This week, Alzheimer’s Aruba Foundation held a press conference to inform the community about the beginning of Alzheimer Teal Ribbon Awareness. This year marks 20 years of celebration.
This puts an emphasis on awareness in the community about the life of a person after they receive an Alzheimer’s diagnosis. Melva Croes-Yanez, president of the foundation, explained about the developments they have been confronting, and said that the Covid-19 pandemic brought with it a lot more work than what they were expecting.
She also mentioned the challenge brought on by the uncertainty of a lot of their clients who got in touch with them during and after the pandemic. Sometimes, people approach them saying that they have dementia or Alzheimer’s, which she considers very worrying because she notices that people themselves don’t know what is going on and are looking for clarity, not knowing what comes next after they receive their diagnosis.
“They can become more depressive and more uncertain”, she says.
This is the reason why during this week they also want to pay attention to a lecture and cinema night that they are organizing to help the community to better understand what comes after a person receives a diagnosis of Alzheimer’s.
Croes-Yanez says that in Aruba, once a person enters a hospice, “it seems like their life is over and that the family can’t do anything more.”
“Some of them die within a few months of arriving. These people suffer discrimination for having a neuro-cognitive degenerative condition like Alzheimer’s. Life after diagnosis is very important, and the community needs to be aware of this”, she says.
She said that more attention needs to be paid to this topic, because older persons – and sometimes younger – who are suffering from these types of conditions, oftentimes they don’t know what is happening to them. The people around them don’t know what to do either, and confusion can set, as she says. Many times, abuse is also taking place because people lose patience, or the person can be overly medicated to keep them calm. “That is not a quality of life. This is why the community needs to be made aware with valuable information, because there is no cure and it seems there will not be a cure”, she said.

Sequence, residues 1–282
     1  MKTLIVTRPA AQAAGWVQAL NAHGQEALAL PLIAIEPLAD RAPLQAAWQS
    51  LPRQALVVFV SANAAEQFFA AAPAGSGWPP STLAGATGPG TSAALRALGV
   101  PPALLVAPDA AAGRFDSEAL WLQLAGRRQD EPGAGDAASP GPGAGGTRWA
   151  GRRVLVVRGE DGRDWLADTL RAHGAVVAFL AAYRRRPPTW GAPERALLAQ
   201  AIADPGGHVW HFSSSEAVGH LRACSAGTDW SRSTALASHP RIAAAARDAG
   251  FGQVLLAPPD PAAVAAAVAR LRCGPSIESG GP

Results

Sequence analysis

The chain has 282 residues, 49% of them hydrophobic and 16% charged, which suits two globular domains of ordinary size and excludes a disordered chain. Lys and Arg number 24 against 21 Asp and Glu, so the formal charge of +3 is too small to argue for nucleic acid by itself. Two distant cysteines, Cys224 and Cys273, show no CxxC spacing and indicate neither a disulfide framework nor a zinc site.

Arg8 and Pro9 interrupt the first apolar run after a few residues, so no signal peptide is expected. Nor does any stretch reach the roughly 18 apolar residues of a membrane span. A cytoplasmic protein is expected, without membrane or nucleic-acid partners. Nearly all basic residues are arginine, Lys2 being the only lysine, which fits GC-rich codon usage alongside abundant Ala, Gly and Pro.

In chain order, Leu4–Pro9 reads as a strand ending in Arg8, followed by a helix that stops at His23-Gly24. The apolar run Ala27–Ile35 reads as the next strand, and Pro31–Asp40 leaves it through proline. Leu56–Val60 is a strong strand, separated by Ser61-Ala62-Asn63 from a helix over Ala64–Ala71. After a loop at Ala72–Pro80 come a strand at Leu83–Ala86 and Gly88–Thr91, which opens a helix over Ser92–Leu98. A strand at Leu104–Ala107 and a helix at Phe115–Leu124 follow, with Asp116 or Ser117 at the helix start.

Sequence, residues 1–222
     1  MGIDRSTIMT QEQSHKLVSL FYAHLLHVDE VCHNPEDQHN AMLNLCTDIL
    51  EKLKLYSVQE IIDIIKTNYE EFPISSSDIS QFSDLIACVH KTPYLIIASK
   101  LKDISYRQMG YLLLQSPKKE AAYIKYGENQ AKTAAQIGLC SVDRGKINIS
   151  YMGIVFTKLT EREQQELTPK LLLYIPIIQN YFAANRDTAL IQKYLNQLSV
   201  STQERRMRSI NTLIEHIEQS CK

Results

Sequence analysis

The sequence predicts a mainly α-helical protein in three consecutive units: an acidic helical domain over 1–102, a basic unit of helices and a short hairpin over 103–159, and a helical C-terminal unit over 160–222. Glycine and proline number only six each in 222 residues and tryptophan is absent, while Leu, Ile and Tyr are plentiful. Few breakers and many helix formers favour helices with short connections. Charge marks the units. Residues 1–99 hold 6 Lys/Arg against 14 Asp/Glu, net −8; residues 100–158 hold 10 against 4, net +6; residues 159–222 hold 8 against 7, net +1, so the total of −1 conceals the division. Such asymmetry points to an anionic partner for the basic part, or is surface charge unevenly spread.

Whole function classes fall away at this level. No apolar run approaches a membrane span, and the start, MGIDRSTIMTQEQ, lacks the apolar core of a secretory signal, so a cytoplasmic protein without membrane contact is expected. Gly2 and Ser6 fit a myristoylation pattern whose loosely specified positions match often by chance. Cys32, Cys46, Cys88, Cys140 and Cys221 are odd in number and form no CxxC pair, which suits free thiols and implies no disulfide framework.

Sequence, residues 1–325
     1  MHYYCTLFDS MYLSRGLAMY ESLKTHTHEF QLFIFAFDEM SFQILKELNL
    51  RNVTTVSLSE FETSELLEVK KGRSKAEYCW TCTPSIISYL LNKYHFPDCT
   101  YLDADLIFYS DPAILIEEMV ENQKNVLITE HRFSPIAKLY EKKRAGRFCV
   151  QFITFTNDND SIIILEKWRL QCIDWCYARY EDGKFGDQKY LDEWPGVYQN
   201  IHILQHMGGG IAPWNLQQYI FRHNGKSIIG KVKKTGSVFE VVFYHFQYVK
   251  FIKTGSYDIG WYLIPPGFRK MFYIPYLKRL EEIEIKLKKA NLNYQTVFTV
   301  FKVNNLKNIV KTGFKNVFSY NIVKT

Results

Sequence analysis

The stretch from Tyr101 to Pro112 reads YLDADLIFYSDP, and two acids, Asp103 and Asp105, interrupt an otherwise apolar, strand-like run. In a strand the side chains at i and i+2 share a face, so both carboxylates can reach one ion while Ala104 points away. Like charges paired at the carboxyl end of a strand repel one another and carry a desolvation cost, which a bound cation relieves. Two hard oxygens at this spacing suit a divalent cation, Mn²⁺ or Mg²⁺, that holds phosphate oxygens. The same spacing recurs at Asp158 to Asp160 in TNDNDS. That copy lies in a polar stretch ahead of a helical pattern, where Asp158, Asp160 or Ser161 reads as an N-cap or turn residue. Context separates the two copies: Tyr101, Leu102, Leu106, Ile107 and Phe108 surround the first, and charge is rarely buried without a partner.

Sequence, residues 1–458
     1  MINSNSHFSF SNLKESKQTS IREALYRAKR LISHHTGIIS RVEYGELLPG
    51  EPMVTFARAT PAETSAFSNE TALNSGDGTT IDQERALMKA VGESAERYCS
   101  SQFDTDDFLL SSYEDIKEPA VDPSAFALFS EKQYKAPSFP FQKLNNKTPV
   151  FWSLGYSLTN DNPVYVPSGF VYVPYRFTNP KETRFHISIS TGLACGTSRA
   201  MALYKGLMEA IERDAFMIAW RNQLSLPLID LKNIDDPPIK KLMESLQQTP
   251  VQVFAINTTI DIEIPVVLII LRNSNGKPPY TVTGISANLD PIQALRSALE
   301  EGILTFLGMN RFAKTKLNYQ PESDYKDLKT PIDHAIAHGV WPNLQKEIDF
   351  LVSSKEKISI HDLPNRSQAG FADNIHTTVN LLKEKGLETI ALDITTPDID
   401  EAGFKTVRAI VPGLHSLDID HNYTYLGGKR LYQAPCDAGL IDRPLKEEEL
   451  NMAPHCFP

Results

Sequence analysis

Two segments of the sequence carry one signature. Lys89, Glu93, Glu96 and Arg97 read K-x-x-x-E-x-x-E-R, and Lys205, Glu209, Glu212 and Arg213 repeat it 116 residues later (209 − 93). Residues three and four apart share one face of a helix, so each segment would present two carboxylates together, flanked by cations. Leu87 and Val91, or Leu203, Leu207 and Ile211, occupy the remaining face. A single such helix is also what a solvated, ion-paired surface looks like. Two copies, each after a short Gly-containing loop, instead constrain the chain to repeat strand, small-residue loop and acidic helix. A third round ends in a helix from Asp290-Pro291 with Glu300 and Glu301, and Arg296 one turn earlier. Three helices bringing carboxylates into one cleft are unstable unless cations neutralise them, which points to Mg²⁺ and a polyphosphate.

Croes-Yanez added that there is a tendency to refer to everything as dementia or Alzheimer’s, which brings a lot of confusion, and can have as a consequence that the caretaker of the patient can make certain mistakes. The community needs to be alert and needs to receive information. “If it happens that we find ourselves confronted with this, we know how we would want to be cared for, because more than 50 million people around the world are suffering from a neuro-cognitive disorder – which in the past was called dementia”, she said.
This week, they have a schedule of activities during which they will publish information regarding worldwide data in order to inform the community about the state of affairs. Today, 22nd of September, they have a lecture at Savaneta Community Centre at 7pm, and on Saturday at 7pm there will be a mass at Sagrado Curason in Savaneta.
Croes-Yanez commented that mental health is a problem all around the world, and on Aruba, a small country, this is magnified. “If we can all begin pooling our strength together, we don’t need to have problems. In Aruba, often there are professionals that don’t want to work together with others, or cannot, but our people deserve better. Our people deserve better care, not care which puts the safety of our people into question, the safety of the patients of Alzheimer’s or other similar conditions, which often is insufficient and puts them in danger”, she emphasizes.
For this reason, she finds that everyone over the age of 65 needs to join together and begin thinking about their safety and security, so that they can spend their last days with a high quality of life, not like right now, where she says, when a person reaches a certain age, society treats them like “they’re good for nothing”.